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Self Storageby Gayle. Brandeis
Synopses & Reviews
Flan Parker has always had an inquisitive mind, searching for what's hidden below the surface and behind the door. Her curious nature and enthusiastic probing have translated into a thriving resale business in the university housing complex where she lives with her husband and two young children. Flan's venture helps pay the bills while her husband works on his dissertation, work that lately seems to involve more loafing on the sofa watching soap operas than reading or writing. The secret of her enterprising success: unique and everyday treasures bought from the auctions of forgotten and abandoned storage units.
When Flan secures the winning bid on a box filled only with an address and a note bearing the word — yes, — she sets out to discover the source of this mysterious message and its meaning. Armed with a well-worn copy of Walt Whitman's Leaves of Grass that she turns to for guidance and solace, Flan becomes determined to find the — yes — in her own life. This search inward only strengthens her desire to unearth the hidden stories of those around her — in particular, her burqa-clad Afghan neighbor. Flan's interest in this intriguing and secretive woman, however, comes at a formidable price for Flan and her family.
Set during the year following the September 11 attacks, Self Storage explores the raw insecurities of a changed society. With lush writing, great humor, and a genuine heart, Gayle Brandeis takes a peek into the souls of a woman and a community — and reveals that it is not our differences that drive us apart but our willful concealment of the qualities that connect us.
"Flan Parker is floundering: her sweet but hapless husband, Shae, is procrastinating on finishing his dissertation, their young children are running wild, and the beloved yard sales she holds in their University of California-Riverside student housing cul-de-sac are under fire from the housing office. Then Flan becomes fascinated with her Afghani neighbors, particularly the wife, Sodaba, hidden beneath a burqa. When Sodaba, pulling into her driveway, accidentally runs over Flan's daughter, racial tension in the community is heightened. The unlikely friendship that develops between Sodaba and Flan in the accident's aftermath sparks its share of trouble as the FBI begins investigating Sodaba's husband for suspected ties to terrorism. Flan is an endearing, juicy character: well-intentioned, less than perfect, with a love of the old and faded (the ancient copy of Leaves of Grass she totes around and frequently quotes, for instance). Unfortunately, the inevitable political discussions (the book is set in the summer of 2002, and fears of another 9/11-style attack run rampant) are unsatisfying and banal. Brandeis, a winner of Barbara Kingsolver's Bellwether Prize for Fiction (described as 'in support of a literature of social change), clearly wants to provoke social reflection. The book is most powerful when focusing on small, intimate moments." Publishers Weekly (Copyright Reed Business Information, Inc.)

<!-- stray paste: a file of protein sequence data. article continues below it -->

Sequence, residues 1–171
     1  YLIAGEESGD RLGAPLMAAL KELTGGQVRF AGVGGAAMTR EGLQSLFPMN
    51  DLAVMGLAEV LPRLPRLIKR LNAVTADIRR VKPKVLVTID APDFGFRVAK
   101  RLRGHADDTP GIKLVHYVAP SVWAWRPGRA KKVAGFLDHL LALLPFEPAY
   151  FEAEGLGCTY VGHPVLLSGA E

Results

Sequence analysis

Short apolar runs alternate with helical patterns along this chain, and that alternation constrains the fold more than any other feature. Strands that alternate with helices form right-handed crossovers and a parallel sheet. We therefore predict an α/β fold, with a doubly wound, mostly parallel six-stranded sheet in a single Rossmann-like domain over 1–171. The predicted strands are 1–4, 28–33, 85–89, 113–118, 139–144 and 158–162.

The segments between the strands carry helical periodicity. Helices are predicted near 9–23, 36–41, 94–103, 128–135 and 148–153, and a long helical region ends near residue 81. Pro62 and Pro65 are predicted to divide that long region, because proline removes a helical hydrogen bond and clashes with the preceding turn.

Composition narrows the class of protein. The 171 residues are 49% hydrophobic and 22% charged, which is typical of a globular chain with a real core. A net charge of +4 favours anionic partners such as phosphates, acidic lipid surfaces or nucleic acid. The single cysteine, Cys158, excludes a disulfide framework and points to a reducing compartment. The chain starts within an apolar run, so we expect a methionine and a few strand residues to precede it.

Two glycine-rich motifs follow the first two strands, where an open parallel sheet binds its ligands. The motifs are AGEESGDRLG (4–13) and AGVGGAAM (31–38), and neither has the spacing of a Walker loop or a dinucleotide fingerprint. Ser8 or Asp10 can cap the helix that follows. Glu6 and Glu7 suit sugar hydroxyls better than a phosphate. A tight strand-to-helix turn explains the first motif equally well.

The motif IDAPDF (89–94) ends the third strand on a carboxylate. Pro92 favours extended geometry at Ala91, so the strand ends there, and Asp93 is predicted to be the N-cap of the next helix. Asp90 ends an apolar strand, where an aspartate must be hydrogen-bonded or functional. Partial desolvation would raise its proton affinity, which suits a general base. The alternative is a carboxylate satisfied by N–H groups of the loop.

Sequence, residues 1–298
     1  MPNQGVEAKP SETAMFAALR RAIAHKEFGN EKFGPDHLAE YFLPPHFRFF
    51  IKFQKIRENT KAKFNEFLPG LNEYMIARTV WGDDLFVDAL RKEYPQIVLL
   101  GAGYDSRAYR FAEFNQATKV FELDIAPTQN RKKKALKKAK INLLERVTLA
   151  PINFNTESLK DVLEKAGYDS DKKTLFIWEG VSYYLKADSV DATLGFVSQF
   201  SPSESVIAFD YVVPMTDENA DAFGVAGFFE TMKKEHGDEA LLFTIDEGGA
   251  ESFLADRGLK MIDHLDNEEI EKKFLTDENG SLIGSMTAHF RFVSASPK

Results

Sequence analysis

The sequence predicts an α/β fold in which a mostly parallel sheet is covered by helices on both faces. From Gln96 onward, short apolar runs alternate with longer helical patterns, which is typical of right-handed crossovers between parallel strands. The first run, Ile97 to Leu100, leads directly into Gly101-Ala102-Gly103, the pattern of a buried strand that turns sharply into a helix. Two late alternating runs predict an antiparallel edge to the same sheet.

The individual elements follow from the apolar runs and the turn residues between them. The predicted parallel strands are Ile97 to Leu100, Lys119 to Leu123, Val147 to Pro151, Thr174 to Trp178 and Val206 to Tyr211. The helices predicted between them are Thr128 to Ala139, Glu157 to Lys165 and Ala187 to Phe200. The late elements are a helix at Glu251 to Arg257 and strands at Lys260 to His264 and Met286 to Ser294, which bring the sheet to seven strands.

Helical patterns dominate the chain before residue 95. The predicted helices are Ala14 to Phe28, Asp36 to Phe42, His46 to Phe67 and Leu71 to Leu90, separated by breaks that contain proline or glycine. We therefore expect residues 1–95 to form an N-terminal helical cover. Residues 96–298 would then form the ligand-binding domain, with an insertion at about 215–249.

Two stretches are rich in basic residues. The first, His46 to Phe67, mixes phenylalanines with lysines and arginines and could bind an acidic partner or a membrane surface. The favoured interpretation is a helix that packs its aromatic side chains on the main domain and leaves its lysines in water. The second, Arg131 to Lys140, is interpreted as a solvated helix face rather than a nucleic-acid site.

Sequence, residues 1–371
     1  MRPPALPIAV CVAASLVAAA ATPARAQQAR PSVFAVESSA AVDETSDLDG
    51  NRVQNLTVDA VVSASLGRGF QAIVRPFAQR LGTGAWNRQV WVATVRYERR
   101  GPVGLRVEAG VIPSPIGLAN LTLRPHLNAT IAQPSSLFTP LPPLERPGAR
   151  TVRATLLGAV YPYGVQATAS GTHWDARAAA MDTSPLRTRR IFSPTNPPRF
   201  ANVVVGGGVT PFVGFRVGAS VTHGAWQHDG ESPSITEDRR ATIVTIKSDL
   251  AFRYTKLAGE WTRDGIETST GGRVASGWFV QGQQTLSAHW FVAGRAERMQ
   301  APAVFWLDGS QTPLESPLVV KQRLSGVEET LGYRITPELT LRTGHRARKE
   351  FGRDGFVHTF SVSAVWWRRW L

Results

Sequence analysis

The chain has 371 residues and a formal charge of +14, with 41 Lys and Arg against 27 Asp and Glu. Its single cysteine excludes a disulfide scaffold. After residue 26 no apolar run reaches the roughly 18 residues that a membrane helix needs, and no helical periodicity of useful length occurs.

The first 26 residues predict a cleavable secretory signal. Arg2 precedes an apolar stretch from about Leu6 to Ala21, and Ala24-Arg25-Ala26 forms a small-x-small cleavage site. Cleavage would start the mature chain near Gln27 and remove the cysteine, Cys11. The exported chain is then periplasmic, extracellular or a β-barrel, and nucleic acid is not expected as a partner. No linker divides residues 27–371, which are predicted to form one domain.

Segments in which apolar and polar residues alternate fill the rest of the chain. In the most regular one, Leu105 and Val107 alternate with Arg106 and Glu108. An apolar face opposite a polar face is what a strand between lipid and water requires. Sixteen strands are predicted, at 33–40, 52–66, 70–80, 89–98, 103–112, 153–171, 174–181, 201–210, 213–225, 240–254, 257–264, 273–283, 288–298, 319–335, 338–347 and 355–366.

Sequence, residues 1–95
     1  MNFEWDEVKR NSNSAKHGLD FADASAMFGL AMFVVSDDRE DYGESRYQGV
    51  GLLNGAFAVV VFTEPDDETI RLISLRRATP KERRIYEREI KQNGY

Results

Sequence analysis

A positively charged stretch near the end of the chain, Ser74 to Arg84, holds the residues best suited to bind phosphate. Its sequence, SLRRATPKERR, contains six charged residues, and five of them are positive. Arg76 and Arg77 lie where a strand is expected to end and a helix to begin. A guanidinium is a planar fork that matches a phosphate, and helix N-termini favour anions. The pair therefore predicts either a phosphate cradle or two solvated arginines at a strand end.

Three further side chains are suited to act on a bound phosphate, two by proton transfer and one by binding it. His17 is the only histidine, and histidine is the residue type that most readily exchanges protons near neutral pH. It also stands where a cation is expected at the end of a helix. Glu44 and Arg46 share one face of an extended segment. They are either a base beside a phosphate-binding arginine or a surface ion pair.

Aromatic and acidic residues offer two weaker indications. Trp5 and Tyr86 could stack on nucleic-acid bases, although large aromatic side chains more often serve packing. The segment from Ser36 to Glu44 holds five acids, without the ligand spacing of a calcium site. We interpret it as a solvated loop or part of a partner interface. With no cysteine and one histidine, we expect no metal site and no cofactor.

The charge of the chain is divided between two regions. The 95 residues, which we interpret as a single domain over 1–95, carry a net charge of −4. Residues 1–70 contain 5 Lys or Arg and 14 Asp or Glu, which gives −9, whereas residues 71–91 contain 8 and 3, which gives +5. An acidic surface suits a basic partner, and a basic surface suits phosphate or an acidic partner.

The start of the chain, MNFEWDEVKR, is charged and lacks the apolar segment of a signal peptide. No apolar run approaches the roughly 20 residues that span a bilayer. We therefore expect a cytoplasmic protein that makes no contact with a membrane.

"Peppered with wry wit and Walt Whitman, Self Storage is a skillfully told treasure hunter's tale of compassion, coming of age, and, most importantly, transforming the life you've got into the life you want." Maria Dahvana Headley, author of The Year of Yes
"Executing a marvelous narrative sleight of hand, Brandeis uses slyly insouciant humor and irresistible characters to delve into the true significance of neighborliness, advocate for doing the right thing, and celebrate a Whitmanesque embrace of life." Booklist
"A novel of passion and consequence, identity and accountability. I love the narrator, her children, her wild ride, and this truly American story of getting mad and getting wise." Barbara Kingsolver
"Parts feel forced...but readers will identify with Flans quest to go beyond the daily grind." Library Journal
"If you doubt that a deadly serious thread– also somehow all but laugh-out-loud funny — can connect the pillage of metal storage units, the fierce devotion of family, the rape of human sensibility, and the pursuit of art, read Self Storage by Gayle Brandeis. Or better yet, just take the hand of its greathearted and deeply bewildered heroine, Flan, and hang on for the ride." Jacquelyn Mitchard, author of Cage of Stars
"The personal and the political collide in Gayle Brandeis's complex and witty new Self Storage....[The] novel illuminates the way we define our loved ones, our neighbors, and ourselves." Amanda Eyre Ward, author of How to be Lost
"Gayle Brandeis's marvelous new novel is a rare thing: a story of love, marriage, and friendship that stirs our most tender emotions without manipulation or bathos." Ayelet Waldman, author of Love and Other Impossible Pursuits
"Beautifully written and warmed with wit, this is a bold, brave meditation on both the family and the whole family of man." Caroline Leavitt, author of Girls in Trouble
"Deftly plotted and engagingly told, Gayle Brandeis's new novel is a suspenseful, thought-provoking, and inspiring exploration of what it means to be a sensitive and thoughtful human being living in George W. Bush's America." Adam Langer, authorof Crossing California
"Brandeis writes in sprightly and unembellished first-person prose, capturing Flan's wry humor and her carefree, sometimes careless life." Los Angeles Times
About the Author
Gayle Brandeis is the author of The Book of Dead Birds, the winner of Barbara Kingsolver's Bellwether Prize, an award in support of a literature of social change. Reviewers have highly praised this, her first novel, and Toni Morrison said: "It has an edgy beauty that enhances perfectly the seriousness of its contents." She is also the author. Fruitflesh: Seeds of Inspiration for Women Who Write.
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